As talk of cloud computing makes its way from the CIO's office to enterprise IT departments, companies want to ensure they have the right talent for the job -- and employees need to ensure their skills remain relevant.
Rackspace Hosting Inc., announced Wednesday its open cloud training initiative, which aims to certify IT administrators on OpenStack software. Open source cloud computing has made waves in cloud-savvy enterprises, but with OpenStack still not in a large number of production environments, can this certification make a difference among IT job candidates?
SearchCloudComputing.com spoke with Tony Campbell, director of training and certification at Rackspace, about its cloud computing certification program and the future of the cloud admin.
SearchCloudComputing.com: Could you describe Rackspace's open cloud training program?
Tony Campbell: We've been teaching "OpenStack Fundamentals," a four-day class in which we bring students into our training room and have a hands-on lab where they have a chance to deploy and operate an OpenStack cloud. That class has been successful, which has led us to double-down and invest in our entire training program. We are beginning [the] OpenStack certification, where IT professionals come to Rackspace, take a hands-on exam and [are] awarded a Rackspace certification for OpenStack.
Most of the students coming to our class have very little hands-on knowledge. They've read documentation, they've read press on OpenStack, but they haven't had an opportunity to actually touch and interact with it. At least 60% that come to our classes have not yet touched OpenStack.
What do you think is the value of cloud computing certification in general? Do you see it affecting job retention in enterprise IT departments?
Campbell: Yes, our mission is to see OpenStack become the de facto cloud standard. To realize that, it's important to have a talent pool of IT professionals who are proficient with OpenStack. But, as employers who are trying to hire IT professionals, they need an objective standard they can hold up against that job candidate to see whether or not they are capable. A certification program allows employers to quickly identify OpenStack professionals and see that [they] are capable on the technologies.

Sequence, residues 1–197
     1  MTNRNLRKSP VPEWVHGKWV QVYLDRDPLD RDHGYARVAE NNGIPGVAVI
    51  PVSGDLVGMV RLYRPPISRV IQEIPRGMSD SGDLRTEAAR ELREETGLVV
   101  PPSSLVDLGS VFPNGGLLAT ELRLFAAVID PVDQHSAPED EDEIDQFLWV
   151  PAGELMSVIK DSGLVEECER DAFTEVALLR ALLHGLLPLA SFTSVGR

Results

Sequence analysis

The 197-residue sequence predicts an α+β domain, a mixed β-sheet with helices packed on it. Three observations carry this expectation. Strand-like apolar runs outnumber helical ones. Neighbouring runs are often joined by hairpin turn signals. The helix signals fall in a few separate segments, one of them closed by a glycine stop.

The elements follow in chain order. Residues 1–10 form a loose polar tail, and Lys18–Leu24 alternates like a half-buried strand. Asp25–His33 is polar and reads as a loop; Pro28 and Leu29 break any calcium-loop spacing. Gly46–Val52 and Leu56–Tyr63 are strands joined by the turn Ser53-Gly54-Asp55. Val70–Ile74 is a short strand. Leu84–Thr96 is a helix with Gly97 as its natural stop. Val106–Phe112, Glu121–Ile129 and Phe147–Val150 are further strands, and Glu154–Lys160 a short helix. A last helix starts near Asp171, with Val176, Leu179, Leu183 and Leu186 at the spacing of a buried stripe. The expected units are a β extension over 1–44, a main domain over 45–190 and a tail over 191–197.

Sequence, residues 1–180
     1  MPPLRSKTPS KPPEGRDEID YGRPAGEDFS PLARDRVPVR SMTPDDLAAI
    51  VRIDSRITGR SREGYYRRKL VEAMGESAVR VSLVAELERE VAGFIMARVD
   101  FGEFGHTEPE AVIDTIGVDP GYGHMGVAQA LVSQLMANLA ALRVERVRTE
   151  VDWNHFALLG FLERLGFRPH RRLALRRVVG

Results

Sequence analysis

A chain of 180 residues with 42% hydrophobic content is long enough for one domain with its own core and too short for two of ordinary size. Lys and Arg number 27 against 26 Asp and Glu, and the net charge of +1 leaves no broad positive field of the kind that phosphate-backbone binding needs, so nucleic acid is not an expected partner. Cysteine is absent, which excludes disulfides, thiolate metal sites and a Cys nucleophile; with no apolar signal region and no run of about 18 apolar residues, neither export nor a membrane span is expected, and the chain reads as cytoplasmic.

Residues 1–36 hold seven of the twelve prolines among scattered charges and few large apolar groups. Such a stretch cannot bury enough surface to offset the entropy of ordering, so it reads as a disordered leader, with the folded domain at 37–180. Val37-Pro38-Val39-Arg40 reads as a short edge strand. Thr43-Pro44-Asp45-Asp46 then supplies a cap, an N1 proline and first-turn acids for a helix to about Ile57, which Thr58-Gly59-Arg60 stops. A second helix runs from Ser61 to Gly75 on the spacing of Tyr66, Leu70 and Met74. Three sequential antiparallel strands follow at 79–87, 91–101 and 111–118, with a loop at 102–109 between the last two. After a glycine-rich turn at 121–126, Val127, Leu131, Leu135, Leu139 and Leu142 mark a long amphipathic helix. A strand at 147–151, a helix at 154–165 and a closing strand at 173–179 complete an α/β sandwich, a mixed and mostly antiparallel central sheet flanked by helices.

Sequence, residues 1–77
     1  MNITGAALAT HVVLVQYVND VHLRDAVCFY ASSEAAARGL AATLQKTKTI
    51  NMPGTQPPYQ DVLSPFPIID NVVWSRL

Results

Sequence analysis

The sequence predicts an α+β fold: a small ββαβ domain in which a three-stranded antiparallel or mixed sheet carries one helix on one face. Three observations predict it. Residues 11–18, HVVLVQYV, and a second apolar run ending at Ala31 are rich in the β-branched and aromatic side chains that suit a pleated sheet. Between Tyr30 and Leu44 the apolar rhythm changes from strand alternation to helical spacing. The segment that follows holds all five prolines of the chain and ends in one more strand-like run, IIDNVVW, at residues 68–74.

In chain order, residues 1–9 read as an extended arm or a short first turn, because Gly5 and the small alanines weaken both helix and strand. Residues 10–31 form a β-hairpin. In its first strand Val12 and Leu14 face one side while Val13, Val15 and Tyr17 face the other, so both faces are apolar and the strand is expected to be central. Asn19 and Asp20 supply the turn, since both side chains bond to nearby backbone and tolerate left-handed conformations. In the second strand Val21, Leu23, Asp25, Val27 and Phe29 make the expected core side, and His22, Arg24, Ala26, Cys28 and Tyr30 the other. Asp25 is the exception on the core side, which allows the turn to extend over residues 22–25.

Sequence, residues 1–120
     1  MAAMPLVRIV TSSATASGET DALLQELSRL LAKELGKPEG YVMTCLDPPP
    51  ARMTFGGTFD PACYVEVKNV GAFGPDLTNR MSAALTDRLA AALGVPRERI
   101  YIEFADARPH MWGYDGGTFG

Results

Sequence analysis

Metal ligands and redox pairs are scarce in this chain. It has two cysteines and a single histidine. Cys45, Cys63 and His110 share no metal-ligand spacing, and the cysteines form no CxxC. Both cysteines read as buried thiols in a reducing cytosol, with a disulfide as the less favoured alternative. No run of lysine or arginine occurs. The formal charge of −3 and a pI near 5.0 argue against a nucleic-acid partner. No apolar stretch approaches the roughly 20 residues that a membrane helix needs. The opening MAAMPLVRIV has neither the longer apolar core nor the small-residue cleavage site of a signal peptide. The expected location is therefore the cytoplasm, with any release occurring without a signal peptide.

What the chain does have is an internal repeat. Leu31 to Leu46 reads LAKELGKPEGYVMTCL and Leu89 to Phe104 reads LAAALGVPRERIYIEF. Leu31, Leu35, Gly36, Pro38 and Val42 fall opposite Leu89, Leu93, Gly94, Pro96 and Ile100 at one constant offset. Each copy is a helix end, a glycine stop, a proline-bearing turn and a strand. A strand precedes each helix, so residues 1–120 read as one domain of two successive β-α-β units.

Why should IT admins think about this now, considering OpenStack isn't in many production environments?
Campbell: If you look at the job boards on OpenStack.org, you'll see individuals and different companies that are looking specifically for OpenStack professionals. I think there is a growing demand for people who know and understand OpenStack.
If you look at all the companies involved in the OpenStack community, those are some big technology players and they're all going to be looking for OpenStack talent. So, I think it's a good time for IT professionals to get this certification under their belts, put it on their resumé and take advantage of the growth and job demand around OpenStack.
What's the next step in cloud computing certification? Are you seeing many job titles specific to cloud?
Campbell: We are seeing more cloud-specific jobs. Cloud is such a hot topic, you'll see a lot of companies looking for cloud technologists, although "cloud" may not be in the title. There are a lot of people looking for DevOps engineers, for example. DevOps and cloud walk together a lot. We see an uptake in companies using cloud in general, and they're going to need IT professionals to power and run those clouds.
What other certifications will IT admins need on their resumés to stay relevant in the evolving IT department?
Campbell: There are several. We plan to offer an application developer certification for software developers who are writing cloud-enabled apps. The cloud brings a new way and new capabilities to software development, and it's important that engineers are up to speed on how [to] leverage cloud in their software. Up until now there has been a hard line between software and hardware; with cloud, that line becomes blurry to where the software can interact with the hardware and can expand and contract hardware resources directly from the software. We want to teach people how to do that.
DevOps certifications and architect certifications are also coming up. DevOps is for people who want to do the [care] and feeding of an OpenStack cloud. How do I deploy it? How do I secure it? How do I make sure it's highly available? An architect certification is for people who are designing clouds.
Caitlin White is associate site editor for SearchCloudComputing.com. Contact her at firstname.lastname@example.org.